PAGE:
A Year After Silver Spring Explosion, County's Shortcomings Prompt Change

A year after a deafening explosion rocked two apartment buildings in Silver Spring, Maryland, officials in Montgomery County have added housing inspectors and assessed how prepared they are to respond to disasters.

County officials have spent the past year examining where they fell short in the aftermath of the disaster that killed seven people -- including two children -- and hurt almost 40 other people. The County Council passed a stalled landlord-tenant bill, which created tenant advocates in the Consumer Protection Office, and added inspectors to the Housing Department.

Council members listened to current and former residents of the Flower Branch Apartments, where the explosion occurred just before midnight on Aug. 10, 2016, Councilman Tom Hucker said.

"The law that we passed guarantees that in the future [landlords] are going to have to be much more activist, much more focused on tenants,” he said. “And the public and the council are going to be able to keep an eye on them better."

The county's internal auditor examined the response to the Flower Branch disaster and made 14 recommendations to the county, including that communication must be improved.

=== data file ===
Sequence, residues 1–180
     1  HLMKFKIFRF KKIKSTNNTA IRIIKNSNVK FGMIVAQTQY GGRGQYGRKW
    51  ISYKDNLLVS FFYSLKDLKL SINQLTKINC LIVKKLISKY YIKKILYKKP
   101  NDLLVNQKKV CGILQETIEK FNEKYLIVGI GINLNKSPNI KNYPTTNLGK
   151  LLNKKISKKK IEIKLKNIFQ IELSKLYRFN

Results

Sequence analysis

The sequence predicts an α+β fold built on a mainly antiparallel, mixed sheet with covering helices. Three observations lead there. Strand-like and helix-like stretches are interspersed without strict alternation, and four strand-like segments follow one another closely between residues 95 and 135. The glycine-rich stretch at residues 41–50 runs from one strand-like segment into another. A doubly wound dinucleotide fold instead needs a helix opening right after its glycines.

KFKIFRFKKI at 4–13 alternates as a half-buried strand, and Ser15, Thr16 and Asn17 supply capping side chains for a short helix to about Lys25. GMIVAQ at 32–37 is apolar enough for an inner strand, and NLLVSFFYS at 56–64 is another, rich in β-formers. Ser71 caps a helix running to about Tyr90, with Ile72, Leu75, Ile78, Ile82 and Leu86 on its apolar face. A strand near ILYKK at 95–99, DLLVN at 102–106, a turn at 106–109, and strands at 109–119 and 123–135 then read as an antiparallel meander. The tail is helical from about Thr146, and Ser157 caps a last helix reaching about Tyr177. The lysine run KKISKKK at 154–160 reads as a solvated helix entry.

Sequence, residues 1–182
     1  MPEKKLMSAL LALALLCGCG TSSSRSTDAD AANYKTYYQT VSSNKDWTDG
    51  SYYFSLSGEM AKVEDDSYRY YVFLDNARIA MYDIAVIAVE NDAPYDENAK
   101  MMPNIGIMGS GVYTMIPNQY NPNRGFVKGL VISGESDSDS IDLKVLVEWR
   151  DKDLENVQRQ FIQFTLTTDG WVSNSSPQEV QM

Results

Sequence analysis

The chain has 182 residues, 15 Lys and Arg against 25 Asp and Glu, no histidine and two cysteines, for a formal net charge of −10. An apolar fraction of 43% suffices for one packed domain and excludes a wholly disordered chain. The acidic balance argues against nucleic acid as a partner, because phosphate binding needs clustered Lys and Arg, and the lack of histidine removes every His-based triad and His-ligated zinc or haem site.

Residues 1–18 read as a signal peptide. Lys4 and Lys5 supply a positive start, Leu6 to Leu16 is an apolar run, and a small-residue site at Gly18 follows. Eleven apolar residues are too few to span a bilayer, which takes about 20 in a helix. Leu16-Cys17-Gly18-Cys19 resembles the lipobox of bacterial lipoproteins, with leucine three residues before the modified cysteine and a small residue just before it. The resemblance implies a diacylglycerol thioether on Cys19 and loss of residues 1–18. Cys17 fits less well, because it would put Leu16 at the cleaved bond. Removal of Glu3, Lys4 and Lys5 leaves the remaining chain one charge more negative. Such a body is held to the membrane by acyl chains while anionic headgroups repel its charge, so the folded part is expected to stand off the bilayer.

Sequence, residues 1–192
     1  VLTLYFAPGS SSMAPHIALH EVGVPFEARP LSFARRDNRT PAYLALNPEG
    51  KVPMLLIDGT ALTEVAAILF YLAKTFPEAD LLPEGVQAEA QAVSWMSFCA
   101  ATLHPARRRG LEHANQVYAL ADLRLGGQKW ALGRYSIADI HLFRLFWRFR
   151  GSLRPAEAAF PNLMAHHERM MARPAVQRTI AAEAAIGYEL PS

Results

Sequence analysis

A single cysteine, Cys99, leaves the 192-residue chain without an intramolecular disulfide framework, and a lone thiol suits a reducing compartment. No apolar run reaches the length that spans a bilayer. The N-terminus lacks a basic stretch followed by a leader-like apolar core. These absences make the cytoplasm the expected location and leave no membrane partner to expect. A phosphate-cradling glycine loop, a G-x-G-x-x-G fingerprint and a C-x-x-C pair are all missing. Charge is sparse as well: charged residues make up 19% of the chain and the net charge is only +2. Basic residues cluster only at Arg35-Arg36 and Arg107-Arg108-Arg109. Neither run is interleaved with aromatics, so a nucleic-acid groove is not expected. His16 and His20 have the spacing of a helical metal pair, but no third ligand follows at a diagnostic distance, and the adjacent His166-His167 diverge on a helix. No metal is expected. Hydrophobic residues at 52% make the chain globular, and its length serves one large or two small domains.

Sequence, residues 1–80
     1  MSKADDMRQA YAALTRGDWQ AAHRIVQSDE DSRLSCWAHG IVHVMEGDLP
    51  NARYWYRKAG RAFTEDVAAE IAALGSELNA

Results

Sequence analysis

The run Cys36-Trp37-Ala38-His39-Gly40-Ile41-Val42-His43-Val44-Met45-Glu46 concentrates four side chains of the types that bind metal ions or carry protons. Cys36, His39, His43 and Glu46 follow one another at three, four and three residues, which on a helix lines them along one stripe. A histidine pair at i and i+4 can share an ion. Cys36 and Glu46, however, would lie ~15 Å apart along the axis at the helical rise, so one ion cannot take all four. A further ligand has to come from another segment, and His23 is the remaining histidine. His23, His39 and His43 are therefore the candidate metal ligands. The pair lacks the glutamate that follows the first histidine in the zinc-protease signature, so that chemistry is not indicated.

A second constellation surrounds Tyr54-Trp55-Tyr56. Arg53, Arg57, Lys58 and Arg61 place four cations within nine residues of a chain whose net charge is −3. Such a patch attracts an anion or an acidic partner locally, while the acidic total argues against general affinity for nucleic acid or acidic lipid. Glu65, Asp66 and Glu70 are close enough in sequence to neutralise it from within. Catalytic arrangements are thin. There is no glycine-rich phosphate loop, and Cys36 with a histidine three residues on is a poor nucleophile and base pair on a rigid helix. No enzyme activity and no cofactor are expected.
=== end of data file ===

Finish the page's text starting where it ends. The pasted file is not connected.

"We didn't have an immediate appreciation that night that some people were waiting because they didn't know what to do,” Emergency Management Director Earl Stoddard said.

In a largely Spanish-speaking community, getting interpreters on the ground fast was a big challenge.

"We had to then mobilize and find those folks and bring them on duty and get them out to the program. So, it was a delay in getting an effective communication with folks,” said Raymond Crowel, Chief of Behavioral Health and Crisis Services.

Also, the county has invested in plans to manage volunteers and donations, run shelters and reunite families.

"We needed to have a much better system, and we have it now, over the last year, to identify those needs, collect them and start rolling out resources faster," Stoddard said.

The National Transportation Safety Board is still investigating the precise cause of the explosion, which they did determine was related to natural gas.

Washington Gas installed a new natural gas main where one demolished building once stood on Arliss Street. Striking footage from Chopper4 shows the empty lot. 

The property owner, Kay Communities, inspected all of the remaining apartments and replaced equipment. The company plans to rebuild, and is considering a memorial to honor the people who died, its website says.

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